Hearing loss protection — Ear muffs and ear plugs protect the ears of workers from the high noise emitted by an arc flash explosion, which can lead to some hearing loss permanently, as well as physical or psychological stress.
Hand protection — Wearing gloves can shield workers from harmful substances and chemicals that cause injuries, such as abrasions, severe cuts, chemical or thermal burns, and skin absorption. They can also be hurt by extreme temperatures.
Body protection — Arc flash explosions can be caused by hazardous materials. Electrical safety standards mandate employers provide workers the necessary arc flash protective clothing to protect the body against arc flash hazards.
Respiratory protection — As required, workers should have respirators available to keep their respiratory system from being contaminated by dust, smoke, gases, sprays, and other airborne mists and pollutants. This equipment should cover the nose, mouth, head, or face to lessen the risk of injury.
Note that manufacturers assign flame-retardant clothing an Arc Thermal Protective Value (ATPV). The ATPV value denotes the amount of incident energy that would cause second-degree burns and represents the amount of protection the clothing provides when an electrical arc encounters the material.
Clothing that meets Level I or Level II protection characteristics would suffice for most people working with electricity. The NFPA 70E electrical safety standards lean toward workers who work in category 3 or 4 hazard situations, which include arc flash. The clothing worn by these workers must meet the ATPV rating minimums throughout the entire life of the garment.
Mitigating Incident Levels and PPEs
A critical part of the mitigation strategies any employer has in place is to minimize the level of hazard — the risk of an incident occurring or the potential severity of an incident. Strategies include administrative controls, warnings, and PPEs. Under no circumstance will the practice of these mitigation techniques and solutions guarantee protection against arc flash hazards. However, workers will have more comfort knowing they can work anywhere, anytime, and feel protected.
The ANSI Z10-2012, Occupational Health and Safety Management Systems identify the following elements of mitigation controls:
- Personal protective equipment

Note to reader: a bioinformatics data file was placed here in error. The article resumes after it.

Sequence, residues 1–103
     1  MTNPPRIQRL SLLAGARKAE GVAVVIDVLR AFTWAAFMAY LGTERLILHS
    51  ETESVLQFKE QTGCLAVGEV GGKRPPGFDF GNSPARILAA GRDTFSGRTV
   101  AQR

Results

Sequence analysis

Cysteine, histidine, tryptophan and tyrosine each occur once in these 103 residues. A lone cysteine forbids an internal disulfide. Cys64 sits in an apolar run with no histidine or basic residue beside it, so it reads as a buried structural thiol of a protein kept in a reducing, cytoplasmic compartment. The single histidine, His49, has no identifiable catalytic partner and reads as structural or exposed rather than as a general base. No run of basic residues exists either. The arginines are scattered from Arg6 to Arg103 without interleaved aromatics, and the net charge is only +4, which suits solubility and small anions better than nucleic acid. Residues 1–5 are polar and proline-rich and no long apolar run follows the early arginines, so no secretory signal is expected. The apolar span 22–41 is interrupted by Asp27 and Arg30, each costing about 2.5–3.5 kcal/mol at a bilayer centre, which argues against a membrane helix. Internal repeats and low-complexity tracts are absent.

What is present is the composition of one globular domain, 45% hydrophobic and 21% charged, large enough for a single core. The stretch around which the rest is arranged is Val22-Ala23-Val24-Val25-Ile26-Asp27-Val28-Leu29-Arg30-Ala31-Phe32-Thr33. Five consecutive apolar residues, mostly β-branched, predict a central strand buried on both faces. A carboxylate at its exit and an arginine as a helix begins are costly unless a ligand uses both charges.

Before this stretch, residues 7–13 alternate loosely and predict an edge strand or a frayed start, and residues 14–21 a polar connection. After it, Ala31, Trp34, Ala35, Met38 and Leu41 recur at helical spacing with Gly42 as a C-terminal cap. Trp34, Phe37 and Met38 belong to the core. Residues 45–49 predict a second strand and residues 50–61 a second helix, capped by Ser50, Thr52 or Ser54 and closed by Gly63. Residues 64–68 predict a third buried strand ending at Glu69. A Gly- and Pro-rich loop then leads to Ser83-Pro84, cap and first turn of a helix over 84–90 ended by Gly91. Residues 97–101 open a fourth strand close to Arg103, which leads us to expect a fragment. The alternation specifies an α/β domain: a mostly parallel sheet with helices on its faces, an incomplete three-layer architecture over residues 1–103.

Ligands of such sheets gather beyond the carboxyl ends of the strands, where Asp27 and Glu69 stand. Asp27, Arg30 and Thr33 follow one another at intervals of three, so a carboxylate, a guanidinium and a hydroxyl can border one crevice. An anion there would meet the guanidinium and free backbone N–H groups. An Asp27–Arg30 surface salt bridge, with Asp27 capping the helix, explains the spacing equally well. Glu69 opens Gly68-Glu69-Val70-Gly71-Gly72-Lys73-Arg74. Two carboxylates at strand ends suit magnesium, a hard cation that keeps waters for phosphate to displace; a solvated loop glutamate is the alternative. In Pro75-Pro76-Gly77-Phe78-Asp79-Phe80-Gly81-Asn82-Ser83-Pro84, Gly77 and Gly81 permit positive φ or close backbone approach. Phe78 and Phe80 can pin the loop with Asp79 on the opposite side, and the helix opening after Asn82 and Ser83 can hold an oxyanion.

- Administrative controls — work policies and procedures
- Warnings including arc flash safety training
- Engineering controls
- Substitution-less hazard materials, processes, etc., when possible
Again, implementing the above techniques in accordance with the regulatory requirement is not a guarantee. In the case of case of PPEs, injuries sustained during an arc flash event would be “reduced” and “survivable” because of the mitigating effects of items such as arc flash safety glasses and other safety equipment.
Arc Flash Safety Plan
Generally, employers have an ongoing desire to look for the latest strategies to avoid an arc flash explosion and to safeguard workers who may be near an arc flash. The primary purpose of NFPA 70E is to decrease the accidents that happen in the workplace around electrical energy.
This standard includes guidelines for the selection of arc safety glasses selection and other PPEs that could offer great protection in the event of an arc flash explosion. Employers should have an electrical safety program, which includes the following four components:
- A knowledgeable and experienced workforce, qualified to perform the task
- Arc flash safety training, safe work practices and other procedures in place to reduce the probability or severity of an injury
- Controls and hardware in place to reduce the extent/level of the hazard
- Personal protective equipment, including clothing and gloves, and other arc flash safety equipment, to protect the worker in the event of an arc occurrence
The absence of any of the above elements could lead to severe injury and death from arc flash incident. To learn more about arc flash safety training, contact Technical Skills Development Services about our on-site OSHA training program.